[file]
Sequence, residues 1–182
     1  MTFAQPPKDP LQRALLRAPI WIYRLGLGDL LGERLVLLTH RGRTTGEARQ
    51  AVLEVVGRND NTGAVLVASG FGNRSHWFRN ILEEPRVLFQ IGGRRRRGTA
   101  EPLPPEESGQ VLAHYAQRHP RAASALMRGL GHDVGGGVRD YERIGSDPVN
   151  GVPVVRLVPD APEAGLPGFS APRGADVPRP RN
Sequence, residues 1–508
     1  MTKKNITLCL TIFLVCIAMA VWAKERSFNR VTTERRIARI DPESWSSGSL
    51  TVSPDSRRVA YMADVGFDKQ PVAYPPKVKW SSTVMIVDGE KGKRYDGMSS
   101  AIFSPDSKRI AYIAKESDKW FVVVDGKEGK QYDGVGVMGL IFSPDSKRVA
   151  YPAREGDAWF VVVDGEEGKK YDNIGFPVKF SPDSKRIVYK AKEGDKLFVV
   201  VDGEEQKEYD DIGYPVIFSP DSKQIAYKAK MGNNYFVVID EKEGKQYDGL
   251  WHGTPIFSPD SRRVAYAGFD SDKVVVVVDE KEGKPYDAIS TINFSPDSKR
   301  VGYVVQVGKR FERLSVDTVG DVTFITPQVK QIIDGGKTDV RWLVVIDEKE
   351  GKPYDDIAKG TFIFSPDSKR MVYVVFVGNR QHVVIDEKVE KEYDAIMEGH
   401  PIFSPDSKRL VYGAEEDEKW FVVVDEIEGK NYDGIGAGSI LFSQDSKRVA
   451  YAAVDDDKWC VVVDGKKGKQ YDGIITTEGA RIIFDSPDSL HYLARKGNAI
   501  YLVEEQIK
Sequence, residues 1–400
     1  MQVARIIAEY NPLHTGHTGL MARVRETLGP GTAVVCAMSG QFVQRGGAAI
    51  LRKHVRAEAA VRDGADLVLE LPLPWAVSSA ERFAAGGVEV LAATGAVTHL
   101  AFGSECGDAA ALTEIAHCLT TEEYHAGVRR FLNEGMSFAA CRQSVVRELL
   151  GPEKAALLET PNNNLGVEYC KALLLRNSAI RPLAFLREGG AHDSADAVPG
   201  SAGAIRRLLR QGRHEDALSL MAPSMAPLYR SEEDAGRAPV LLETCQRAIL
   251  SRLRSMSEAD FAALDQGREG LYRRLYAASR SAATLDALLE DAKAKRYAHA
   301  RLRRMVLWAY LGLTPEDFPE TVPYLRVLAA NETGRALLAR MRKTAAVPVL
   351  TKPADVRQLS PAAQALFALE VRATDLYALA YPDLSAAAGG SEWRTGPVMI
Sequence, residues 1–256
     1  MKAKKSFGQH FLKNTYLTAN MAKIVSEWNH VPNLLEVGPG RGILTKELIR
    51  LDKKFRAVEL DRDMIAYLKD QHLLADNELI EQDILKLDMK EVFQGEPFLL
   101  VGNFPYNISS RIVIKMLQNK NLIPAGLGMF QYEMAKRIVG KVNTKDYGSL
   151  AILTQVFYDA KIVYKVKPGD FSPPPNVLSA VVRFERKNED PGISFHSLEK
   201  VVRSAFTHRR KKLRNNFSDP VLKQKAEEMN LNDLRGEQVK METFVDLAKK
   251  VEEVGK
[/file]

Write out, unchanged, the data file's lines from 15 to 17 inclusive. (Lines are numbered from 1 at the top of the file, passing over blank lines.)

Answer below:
   401  PIFSPDSKRL VYGAEEDEKW FVVVDEIEGK NYDGIGAGSI LFSQDSKRVA
   451  YAAVDDDKWC VVVDGKKGKQ YDGIITTEGA RIIFDSPDSL HYLARKGNAI
   501  YLVEEQIK